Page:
‘Netanyahu urged Obama to bomb Iran’

Ex-US Secretary of State John Kerry reveals that Prime Minister Benjamin Netanyahu pressured the US administration in the past to nuke Iran, but says he doesn't believe this will solve the problem.

November 10, 2017 18:41
3 minute read.
Kerry Netanyahu upset

Kerry, Netanyahu in Tel Aviv July 23. (photo credit: REUTERS)


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Israel asked the Obama administration to bomb Iran, former US secretary of state John Kerry said during a conversation he held in London at the Chatham House think tank this week about Tehran’s nuclear threat.

“Prime Minister [Benjamin] Netanyahu was urging President [Barack] Obama to bomb Iran,” Kerry said. He did not clarify when that request was made.

“Every leader I met with in the region..., [including Egyptian president Hosni] Mubarak, personally, to my face, said, ‘You have to bomb Iran, that is the only thing they understand and that is the only way you will stop them having a nuclear weapon,’” Kerry recalled.

“Bombing Iran does not necessarily stop them from having a nuclear weapon. It is the same dilemma that we face with North Korea. We do not know where everything is,” Kerry said.

When the July 2015 nuclear deal was put in place, the Islamic Republic did not have a nuclear weapon, Kerry said.

“I guarantee you, once you bomb the country, you have surely given them a good reason to want to have a weapon,” he continued.

Before the agreement, Iran could have “dug two miles deep into a mountain” to create a facility to produce nuclear weapons, Kerry said. If the country is bombed, it would do so, he added.

Kerry spoke on Tuesday, four days after Netanyahu spoke at Chatham House about Iran. The former secretary of state gave a rousing defense of the 2015 nuclear deal that was reached between Iran and six world powers: the US, Russia, China, Great Britain, France and Germany. It is designed to delay and constrain Tehran’s ability to produce nuclear weapons, but did not eliminate it.

On Friday while in London Netanyahu made a passionate plea to the six world power to fix the flaws in the agreement, which he believes will leave Iran with the capacity to produce 100 nuclear weapons.

Trump and Netanyahu agree that the deal is problematic, but the other five powers hold that it must remain in place. Last week Russian President Vladimir Putin and French President Emmanuel Macron spoke and reaffirmed their commitment to the accord.

Netanyahu believes that he can persuade the powers to take a series of steps outside the context of the agreement that would fix three basic concerns: inspections, Iran’s ballistic missile program, and the “sunset” clauses that allow the Islamic Republic to produce nuclear weapons once the deal expires.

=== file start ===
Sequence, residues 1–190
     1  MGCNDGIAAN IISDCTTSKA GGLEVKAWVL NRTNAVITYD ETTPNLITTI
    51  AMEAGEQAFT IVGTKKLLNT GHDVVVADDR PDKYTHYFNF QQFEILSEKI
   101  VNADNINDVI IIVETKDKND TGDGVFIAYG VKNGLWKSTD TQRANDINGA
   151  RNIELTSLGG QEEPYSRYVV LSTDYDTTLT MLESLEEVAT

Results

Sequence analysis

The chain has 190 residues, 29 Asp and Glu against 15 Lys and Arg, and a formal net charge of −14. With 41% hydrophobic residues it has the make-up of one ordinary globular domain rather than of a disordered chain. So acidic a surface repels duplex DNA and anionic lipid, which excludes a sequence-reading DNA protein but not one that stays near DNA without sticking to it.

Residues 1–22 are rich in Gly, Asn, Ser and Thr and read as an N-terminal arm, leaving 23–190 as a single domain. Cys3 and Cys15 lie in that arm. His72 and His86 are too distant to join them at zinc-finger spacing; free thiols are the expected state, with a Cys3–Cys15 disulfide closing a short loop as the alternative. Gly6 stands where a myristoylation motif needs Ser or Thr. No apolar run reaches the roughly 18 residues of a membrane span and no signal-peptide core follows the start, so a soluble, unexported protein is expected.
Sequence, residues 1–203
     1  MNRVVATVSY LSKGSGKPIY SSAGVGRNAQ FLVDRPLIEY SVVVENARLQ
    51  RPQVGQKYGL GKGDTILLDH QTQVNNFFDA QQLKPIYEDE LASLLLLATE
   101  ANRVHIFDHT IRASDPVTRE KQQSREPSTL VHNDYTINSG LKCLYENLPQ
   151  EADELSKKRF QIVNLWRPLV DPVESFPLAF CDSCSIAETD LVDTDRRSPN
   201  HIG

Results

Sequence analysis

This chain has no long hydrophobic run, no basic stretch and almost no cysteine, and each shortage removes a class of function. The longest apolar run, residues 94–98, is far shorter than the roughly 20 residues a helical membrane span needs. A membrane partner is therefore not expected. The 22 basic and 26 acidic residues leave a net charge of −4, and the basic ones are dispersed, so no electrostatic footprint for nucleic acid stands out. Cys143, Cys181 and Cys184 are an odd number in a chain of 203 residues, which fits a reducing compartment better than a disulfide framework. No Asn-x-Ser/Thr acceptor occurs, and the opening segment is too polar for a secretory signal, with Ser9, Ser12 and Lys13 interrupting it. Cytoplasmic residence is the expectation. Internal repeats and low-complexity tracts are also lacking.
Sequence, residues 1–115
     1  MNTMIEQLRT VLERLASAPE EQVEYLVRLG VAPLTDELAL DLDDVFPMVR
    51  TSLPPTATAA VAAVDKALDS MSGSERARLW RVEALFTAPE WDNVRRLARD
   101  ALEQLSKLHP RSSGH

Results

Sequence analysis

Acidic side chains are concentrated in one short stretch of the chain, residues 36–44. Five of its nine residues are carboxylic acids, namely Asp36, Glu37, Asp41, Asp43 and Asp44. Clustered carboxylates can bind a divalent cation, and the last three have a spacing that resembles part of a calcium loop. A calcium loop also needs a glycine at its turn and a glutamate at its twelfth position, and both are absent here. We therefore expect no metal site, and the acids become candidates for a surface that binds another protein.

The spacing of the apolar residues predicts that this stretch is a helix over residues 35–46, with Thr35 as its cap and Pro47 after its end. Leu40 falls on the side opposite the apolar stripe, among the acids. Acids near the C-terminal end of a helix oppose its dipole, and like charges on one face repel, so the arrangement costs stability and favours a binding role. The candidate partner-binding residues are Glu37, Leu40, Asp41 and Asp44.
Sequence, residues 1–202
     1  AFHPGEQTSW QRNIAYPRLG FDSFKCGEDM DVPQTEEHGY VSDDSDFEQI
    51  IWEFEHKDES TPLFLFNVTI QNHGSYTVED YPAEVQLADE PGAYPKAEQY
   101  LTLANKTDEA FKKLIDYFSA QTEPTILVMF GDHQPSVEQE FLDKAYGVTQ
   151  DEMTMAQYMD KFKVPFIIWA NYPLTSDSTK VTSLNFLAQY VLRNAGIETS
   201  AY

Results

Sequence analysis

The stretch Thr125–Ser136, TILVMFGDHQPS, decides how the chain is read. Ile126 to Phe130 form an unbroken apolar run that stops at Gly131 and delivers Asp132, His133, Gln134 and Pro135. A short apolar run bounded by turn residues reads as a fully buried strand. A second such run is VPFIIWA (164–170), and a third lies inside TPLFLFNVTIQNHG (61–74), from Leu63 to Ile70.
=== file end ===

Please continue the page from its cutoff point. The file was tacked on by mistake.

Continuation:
Kerry said the deal was the best, and most transparent agreement that could have been achieved.

“Iran had 19,000 centrifuges spinning. It had 27,000 deployed.

Iran had 12,000 kilograms of enriched nuclear material at about 20%, with an easy capacity to go up to 80% to 90% for bomb-making if it wanted to. Iran had completely mastered the nuclear cycle. It had the Arak reactor, a plutonium reactor, rushing toward commission, maybe a few months away, which would have produced enough plutonium weapons grade material for at least two bombs a year,” Kerry said.

Before the agreement, Iran was two months away from having the ability to produce nuclear weapons, but now that the deal is in place, it is a year away from that, Kerry said. He added that under the terms of the accord, Iran won’t be able to produce a weapon for 15 years, and then there will be another 10 years of oversight over “every ounce” of uranium in the country.

For the next 15 years Iran is limited to 300 kilograms of enriched material and a 3.67% enrichment level, which is not enough to produce a bomb, Kerry said.

In additions, there is a procedure to reimpose sanctions if Iran violates the deal, Kerry said.

Netanyahu said at Chatham House that Tehran was in a better position to produce nuclear weapons than it was before the agreement was reached.

When he drew his famous redline on a graphic at the United Nations General Assembly in September 2012, Netanyahu told Chatham House, he feared Iran would produce one bomb, now he is afraid that once the deal expires it will produce 100 such weapons.

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